11. Read A Good Book

Nothing is quite as transporting as immersing yourself in great novel. Escape into the pages for a little while each day.

12. Plan Your Summer Vacation

Having something to look forward to can help you make it through feelings of hopelessness. You can't travel now, but you can make plans for all the places you’d like to visit and the things you hope to do once the crisis has passed.

13. Movie Night

Stream movies and have a movie night. You can even coordinate movie-watching with friends, then have a group video call to talk about it the next day.

14. Keep Active

Exercise and get a workout routine going. Push yourself with new goals and new workouts. Exercise has been shown to improve mood, on top of its myriad overall and bonel health benefits.2

What This Means To You

Even if you're not feeling antsy, implementing the advice above can help you maintain good spirits (and healthy habits) through this period of isolation.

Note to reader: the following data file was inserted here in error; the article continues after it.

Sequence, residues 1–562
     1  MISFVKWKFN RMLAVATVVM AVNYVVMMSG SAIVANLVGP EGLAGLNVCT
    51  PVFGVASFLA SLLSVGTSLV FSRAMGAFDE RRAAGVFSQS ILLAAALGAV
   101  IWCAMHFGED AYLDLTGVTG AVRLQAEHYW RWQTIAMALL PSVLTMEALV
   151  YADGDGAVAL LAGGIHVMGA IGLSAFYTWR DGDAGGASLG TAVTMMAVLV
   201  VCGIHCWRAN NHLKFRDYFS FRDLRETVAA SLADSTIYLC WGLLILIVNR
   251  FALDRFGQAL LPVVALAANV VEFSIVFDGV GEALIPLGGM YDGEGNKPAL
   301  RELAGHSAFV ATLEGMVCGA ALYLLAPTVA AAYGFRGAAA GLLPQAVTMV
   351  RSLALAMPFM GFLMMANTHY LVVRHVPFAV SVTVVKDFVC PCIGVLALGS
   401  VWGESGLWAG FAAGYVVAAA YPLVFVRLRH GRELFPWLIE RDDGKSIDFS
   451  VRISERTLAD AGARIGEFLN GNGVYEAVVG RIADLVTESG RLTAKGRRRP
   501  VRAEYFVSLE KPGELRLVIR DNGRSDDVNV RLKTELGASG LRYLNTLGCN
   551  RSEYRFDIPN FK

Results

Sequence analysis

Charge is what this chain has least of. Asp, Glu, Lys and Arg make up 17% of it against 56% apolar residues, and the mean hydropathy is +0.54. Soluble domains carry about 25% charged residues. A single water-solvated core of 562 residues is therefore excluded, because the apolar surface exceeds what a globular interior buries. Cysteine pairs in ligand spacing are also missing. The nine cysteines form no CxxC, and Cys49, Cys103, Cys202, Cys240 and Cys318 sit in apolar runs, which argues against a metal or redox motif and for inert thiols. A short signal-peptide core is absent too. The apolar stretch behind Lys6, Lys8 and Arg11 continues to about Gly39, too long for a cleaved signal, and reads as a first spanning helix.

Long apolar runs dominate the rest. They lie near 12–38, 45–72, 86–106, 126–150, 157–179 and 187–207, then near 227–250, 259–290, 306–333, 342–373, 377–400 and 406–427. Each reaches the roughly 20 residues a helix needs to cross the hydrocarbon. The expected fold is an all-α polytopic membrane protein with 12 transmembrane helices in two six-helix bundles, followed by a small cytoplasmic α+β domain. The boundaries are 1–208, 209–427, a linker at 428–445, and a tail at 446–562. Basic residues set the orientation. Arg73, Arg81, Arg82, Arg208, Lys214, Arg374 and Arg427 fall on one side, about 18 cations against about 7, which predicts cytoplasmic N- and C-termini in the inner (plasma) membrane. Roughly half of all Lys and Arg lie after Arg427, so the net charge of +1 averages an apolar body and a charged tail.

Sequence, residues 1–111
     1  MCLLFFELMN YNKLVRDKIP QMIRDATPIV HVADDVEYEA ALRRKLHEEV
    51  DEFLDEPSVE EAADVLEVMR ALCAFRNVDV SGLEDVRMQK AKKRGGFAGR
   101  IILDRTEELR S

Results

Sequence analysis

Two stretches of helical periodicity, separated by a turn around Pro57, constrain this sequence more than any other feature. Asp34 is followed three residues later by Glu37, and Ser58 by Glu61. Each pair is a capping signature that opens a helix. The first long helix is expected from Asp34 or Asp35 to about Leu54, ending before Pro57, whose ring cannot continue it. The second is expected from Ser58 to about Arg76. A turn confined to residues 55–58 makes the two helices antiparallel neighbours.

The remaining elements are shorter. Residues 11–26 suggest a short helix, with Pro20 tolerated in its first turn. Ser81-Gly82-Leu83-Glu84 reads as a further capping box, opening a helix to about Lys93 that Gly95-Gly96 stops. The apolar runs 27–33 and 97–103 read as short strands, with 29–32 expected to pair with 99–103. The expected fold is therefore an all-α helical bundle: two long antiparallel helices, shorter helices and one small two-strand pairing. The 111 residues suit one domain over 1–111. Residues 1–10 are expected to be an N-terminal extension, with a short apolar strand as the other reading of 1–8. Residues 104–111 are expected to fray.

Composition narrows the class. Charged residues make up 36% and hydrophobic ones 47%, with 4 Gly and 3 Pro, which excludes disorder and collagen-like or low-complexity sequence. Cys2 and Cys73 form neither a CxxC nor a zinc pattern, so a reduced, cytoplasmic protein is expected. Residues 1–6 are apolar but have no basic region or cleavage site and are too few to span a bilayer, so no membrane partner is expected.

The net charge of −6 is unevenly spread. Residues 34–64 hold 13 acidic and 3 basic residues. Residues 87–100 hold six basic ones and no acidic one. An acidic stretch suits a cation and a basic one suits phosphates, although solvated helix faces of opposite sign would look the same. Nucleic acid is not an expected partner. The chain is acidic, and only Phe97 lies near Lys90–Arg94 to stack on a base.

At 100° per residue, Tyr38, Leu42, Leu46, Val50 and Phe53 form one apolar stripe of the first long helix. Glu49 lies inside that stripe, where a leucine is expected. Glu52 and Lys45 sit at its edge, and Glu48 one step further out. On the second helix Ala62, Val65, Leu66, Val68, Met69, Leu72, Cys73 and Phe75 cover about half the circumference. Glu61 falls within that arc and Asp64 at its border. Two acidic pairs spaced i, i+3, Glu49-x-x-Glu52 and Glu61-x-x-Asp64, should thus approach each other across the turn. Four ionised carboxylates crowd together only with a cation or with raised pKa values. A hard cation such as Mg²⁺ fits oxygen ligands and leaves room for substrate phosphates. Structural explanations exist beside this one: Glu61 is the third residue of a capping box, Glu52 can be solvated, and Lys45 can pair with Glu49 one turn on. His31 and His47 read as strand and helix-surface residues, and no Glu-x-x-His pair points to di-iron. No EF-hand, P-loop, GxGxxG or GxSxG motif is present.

It's easy to feel alone when we're physically separated. Take a deep breath right now, and think about all of the people doing the same thing as you are and taking precautions to protect each other. Even though we're apart, we need each other to make it through this together.




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Comments on this article are closed.

  1. Julianna

    Try to cheer up your friends on line, make a most of these days, tell some jokes, or remind them the good old times together. My friend was telling me a good and funny advise: instead of your pajamas, put on a bathing suit at home to remind you not to eat too much. It was funny and I had a good laugh. I am a widow and the loneliness get to me sometimes but now even harder because no physical contact with anybody, but I try to make a most of it by reading, crosswords, coloring books. My children are a little far from me, but they help to get groceries. The whole world is in this together and kindness and helping each other, listening to healthcare professional and staying home will take us through these difficult times. These are my advise from a 76 years old. So keep up with Vivian’s advise and take care.